A probe of the National School Boards Association’s call for federal investigations of parents as domestic terrorists found the White House was involved in the drafting process that led to the controversial request.
The association commissioned an internal investigation following outcry from parent groups and association board members who were upset by the inflammatory rhetoric in a Sept. 29 letter to President Joe Biden. The group found that Chip Slaven, then-CEO of the National School Boards association, told a White House senior policy adviser on Sept. 21 that he planned to ask Biden to use the FBI and Justice Department to investigate threats against school board members under counterterrorism statutes and the Patriot Act.
The White House adviser, Mary C. Wall, solicited Slaven for examples of threats made against school board members in advance of a Sept. 22 meeting with the Justice Department and other White House offices. The association detailed these previously unreported exchanges in a report released Friday.
"Evidence indicates that White House officials discussed the existence of the Letter, its requests, and the contents of the Letter with Department of Justice officials more than a week before the Letter was finalized and sent to President Biden," the report says.
The letter sparked controversy at the time after Attorney General Merrick Garland formed a federal task force to monitor threats against school boards and teachers. Parent groups and Republicans accused the Biden administration of colluding with the NSBA to use the letter to justify scrutiny of school board meetings. They’ve questioned the involvement of federal investigators in local school board issues and alleged that the federal task force is intended to intimidate parents who voiced concern over schools’ coronavirus policies and left-wing curricula. Members of the association also complained about the contents of the letter, as well as being left out of the loop before it was sent.
The Washington Free Beacon reported on Oct. 21 that the White House was in contact with the National School Boards Association before the group sent the letter. But it was not known then that the White House knew of the controversial rhetoric in the document.
"It is inexcusable that a senior White House adviser would have the audacity to collaborate on a public request to use the Patriot Act against families," Nicole Neily, the president of Parents Defending Education, said in a statement about the association’s report. "This is, quite literally, a betrayal of trust by the highest levels of government."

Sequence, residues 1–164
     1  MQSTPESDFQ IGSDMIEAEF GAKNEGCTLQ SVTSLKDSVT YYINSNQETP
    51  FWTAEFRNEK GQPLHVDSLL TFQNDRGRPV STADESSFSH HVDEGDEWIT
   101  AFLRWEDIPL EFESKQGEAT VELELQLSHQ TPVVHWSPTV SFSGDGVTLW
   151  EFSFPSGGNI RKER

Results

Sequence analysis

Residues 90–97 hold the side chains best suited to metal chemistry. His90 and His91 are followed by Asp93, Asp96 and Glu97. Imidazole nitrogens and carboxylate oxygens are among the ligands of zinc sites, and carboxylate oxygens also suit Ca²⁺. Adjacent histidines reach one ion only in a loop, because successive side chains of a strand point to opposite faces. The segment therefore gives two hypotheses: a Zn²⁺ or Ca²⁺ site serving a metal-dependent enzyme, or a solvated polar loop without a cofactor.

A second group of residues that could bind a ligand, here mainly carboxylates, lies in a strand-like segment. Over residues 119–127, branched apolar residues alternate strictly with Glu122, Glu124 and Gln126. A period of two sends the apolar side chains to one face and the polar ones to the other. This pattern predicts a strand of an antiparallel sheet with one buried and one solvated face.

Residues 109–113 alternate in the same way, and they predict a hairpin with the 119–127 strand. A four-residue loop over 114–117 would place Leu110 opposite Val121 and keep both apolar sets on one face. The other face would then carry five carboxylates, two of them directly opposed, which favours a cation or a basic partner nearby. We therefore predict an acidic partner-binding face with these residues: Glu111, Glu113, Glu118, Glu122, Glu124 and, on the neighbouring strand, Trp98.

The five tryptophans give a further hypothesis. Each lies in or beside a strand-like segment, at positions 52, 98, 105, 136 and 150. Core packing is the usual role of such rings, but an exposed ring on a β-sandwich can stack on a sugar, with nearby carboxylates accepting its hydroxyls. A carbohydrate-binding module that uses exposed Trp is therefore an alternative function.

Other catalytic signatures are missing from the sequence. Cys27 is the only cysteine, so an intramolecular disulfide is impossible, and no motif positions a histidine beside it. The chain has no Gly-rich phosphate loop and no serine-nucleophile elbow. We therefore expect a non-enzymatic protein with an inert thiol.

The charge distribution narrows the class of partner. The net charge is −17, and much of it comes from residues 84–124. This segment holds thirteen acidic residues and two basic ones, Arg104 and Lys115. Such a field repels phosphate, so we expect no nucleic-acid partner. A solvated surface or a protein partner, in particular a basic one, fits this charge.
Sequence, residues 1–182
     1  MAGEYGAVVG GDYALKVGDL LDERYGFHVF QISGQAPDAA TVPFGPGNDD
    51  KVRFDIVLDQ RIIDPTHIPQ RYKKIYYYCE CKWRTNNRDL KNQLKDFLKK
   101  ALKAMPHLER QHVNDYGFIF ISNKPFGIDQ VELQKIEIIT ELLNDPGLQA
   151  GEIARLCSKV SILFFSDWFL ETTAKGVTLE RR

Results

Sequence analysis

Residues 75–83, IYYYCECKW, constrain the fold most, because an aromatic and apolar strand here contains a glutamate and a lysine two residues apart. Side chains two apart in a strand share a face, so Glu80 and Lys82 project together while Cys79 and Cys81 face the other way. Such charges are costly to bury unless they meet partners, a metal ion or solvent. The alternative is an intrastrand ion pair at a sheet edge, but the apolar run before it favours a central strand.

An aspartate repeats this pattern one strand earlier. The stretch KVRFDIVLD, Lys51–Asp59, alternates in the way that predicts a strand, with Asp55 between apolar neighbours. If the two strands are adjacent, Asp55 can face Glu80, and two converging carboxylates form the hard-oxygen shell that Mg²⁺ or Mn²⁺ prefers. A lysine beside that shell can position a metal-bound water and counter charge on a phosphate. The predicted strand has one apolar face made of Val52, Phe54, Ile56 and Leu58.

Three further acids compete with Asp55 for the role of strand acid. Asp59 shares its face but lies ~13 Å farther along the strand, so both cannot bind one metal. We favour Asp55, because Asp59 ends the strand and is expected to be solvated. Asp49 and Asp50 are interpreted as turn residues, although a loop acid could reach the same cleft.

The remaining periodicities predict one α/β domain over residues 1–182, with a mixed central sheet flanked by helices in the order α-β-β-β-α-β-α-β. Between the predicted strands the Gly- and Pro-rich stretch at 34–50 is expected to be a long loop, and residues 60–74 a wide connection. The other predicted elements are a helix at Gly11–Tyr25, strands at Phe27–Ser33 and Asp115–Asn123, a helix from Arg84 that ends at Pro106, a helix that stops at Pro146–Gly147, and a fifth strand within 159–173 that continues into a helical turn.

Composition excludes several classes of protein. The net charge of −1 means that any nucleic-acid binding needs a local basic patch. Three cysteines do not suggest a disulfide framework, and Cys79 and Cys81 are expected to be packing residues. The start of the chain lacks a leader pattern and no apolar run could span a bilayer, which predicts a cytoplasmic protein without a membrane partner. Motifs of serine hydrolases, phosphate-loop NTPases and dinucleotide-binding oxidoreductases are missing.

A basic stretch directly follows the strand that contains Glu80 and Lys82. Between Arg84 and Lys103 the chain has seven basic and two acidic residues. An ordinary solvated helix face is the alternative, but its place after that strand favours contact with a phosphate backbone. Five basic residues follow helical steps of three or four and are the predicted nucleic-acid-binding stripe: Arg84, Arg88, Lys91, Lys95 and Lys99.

Sen. Ben Sasse (R., Neb.), who questioned Garland about the federal task force in a Senate hearing last year, said the association report showed the letter was a "political hack job … drummed up by progressive activists and their partners in the Biden White House to chill parents’ exercise of free speech."
The association said in a statement that the letter did not represent its views and that it does not support federal intervention in school board meetings. The report places most of the blame for the letter on Slaven, who served as the group's interim CEO until November.
According to emails included in the report, Slaven began toying with the idea of asking the White House for federal support at school board meetings on Sept. 8. He told other association executives about a complaint from an Ohio school board member who received a threatening letter from a parent. Slaven said the intense atmosphere at school board meetings reminded him of the aftermath of "Waco or Ruby Ridge."
Slaven shared his concerns with Wall, the White House adviser, on Sept. 14. Wall asked Slaven to provide her with some of the "egregious examples" of threats made against school board members. She followed up on the request on Sept. 21, saying that she wanted to cite them in a meeting the next day with the Justice Department.
Slaven gave Wall several examples from across the country. He also shared a summary of a letter he planned to send to the White House. Slaven told Wall he planned to ask Biden to use the FBI and Justice Department to use its counterterrorism divisions to investigate threats against school board members. Slaven also made reference to the Patriot Act and "domestic terrorism" investigations.
Slaven sent Wall a final copy of the letter hours before publishing it on Sept. 29. The White House official raised no objections to the language in the letter, and instead offered Slaven support.
"Thank you for sending in advance," she wrote. "We will review, and we remain committed to working with you on these very important issues. As the President has stated, we stand with educators who are doing right by kids—and we know they/you all need to be protected now more than ever."
Slaven was in contact with other federal officials after sending the letter to Biden. Anthony Coley, a Justice Department adviser to Garland, asked Slaven for a phone call on Oct. 4, the day that Garland formed the task force to monitor school board threats. Coley sent Slaven a preview of the statement before the Justice Department released it.
The Department of Homeland Security also contacted the association on Oct. 4.
Published under: Department of Justice , Domestic Terrorism , Joe Biden , National School Boards Association , Schools